Dr. Melissa Hummel is an internist practicing in Irmo, South Carolina. Dr. Hummel specializes in the medical treatment of adults. Internists can act as a primary physician or a consultant to a primary physician. They manage both common and rare diseases. Dr. Hummel provides comprehensive care and manages treatment with... more
It seems we are all searching for the fountain of youth these days. The media is full of advice on anti-aging, from what we should eat to the optimal time to start botox and facial filler treatment in order to look and feel healthier and younger. As a practicing physician with over ten years of experience in Internal Medicine, Sleep Medicine, and Aesthetics, I am asked these questions on a daily basis.
However, rather than cover this ever-growing topic, I am going to touch on something basic that we do every day. Many of us do it poorly, and may underestimate its importance in our overall health and appearance. That is, of course, sleep. In a world full of stress, busy schedules, and electronics connecting us with everything and everyone, it should not be surprising that insomnia and associated disease is on the rise. People are doing things daily that contribute to poor sleep. Over time, this can lead to other chronic health problems, depression, and unhealthy immune systems that make you more susceptible to infection.
If you are having trouble getting to sleep, staying asleep, or not feeling well-rested in the morning, you may benefit from changing sleep habits. It is recommended that most people sleep 7-8 hours per night. It is important to adhere to a specific bedtime and wake-up time as closely as possible.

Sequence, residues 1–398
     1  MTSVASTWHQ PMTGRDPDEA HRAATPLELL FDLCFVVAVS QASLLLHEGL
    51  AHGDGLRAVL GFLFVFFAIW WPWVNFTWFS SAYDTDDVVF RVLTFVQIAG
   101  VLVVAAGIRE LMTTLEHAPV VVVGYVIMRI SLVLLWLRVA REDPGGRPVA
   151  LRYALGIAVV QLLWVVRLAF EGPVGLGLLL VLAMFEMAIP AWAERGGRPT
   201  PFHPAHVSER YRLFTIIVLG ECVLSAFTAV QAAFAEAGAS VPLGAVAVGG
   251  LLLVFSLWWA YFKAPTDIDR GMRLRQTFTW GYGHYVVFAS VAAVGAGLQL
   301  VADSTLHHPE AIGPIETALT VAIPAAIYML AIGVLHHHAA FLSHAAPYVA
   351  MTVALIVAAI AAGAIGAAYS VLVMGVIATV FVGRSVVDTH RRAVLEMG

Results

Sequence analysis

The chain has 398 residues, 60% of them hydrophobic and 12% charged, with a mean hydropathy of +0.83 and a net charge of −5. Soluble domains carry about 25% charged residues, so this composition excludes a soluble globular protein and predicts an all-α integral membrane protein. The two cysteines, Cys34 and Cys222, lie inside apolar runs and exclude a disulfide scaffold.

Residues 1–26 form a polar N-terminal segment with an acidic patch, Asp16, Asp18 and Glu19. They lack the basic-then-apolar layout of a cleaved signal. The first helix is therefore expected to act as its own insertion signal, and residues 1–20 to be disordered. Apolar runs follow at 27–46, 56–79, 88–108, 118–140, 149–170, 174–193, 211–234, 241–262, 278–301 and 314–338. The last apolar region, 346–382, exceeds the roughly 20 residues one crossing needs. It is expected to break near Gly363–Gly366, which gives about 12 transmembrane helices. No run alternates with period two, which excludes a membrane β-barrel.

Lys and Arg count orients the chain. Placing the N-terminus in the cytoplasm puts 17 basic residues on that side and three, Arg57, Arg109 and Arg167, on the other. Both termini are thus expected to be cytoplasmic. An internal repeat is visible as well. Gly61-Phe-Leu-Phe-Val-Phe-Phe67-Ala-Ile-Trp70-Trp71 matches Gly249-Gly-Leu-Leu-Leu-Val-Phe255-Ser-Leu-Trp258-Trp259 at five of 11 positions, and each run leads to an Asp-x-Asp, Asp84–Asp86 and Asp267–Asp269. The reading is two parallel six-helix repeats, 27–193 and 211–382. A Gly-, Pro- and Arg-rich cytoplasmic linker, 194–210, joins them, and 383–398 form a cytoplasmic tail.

In general, you should go to bed when you feel sleepy, and not before. With the exception of sexual activity, you should avoid doing anything in the bedroom that you do while you are awake, such as reading, eating, watching TV, and using the phone or computer. Never stay in bed at the beginning of the night or during the middle of the night for extended periods of time. If you are unable fall asleep within 20 minutes of getting in bed, you should go into another room and do something relaxing, such as reading. Avoid daytime napping, as this decreases the drive for sleep at night.
Try to avoid worrying, mulling over problems, planning future events, or problem-solving while in bed. It can be helpful to schedule a time each day to write your troubling thoughts down. You should also avoid exercising late in the evening. Avoid caffeine after 2pm, and nicotine after early evening as these are stimulants and can further disrupt sleep. Do not use alcohol to put you to sleep. You may feel sleepy initially, but you may wake up as the alcohol level diminishes.
Make sure your sleep environment is comfortable, quiet, and dark, with alarm clocks turned away so you cannot see the time. Lastly, two hours before bedtime, try to tie up loose ends in your mind and wind down for the evening.
Sleep is the fountain of youth and at the core of keeping us young and healthy. One of the most important things you can do for optimal well-being is to make your sleep a priority.